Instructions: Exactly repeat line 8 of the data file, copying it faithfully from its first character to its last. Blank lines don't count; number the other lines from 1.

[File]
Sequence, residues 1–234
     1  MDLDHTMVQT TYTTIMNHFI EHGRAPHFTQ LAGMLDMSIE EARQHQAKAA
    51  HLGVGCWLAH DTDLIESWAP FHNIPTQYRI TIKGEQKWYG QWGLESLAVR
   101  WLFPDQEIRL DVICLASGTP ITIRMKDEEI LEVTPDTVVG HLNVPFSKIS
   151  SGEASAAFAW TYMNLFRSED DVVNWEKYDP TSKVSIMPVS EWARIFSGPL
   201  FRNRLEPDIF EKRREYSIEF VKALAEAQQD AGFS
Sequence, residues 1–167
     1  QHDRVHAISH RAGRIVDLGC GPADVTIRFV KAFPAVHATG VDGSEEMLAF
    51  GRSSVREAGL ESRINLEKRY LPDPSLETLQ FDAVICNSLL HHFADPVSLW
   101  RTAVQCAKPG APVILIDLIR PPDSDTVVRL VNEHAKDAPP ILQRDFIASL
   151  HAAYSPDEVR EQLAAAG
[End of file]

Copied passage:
     1  QHDRVHAISH RAGRIVDLGC GPADVTIRFV KAFPAVHATG VDGSEEMLAF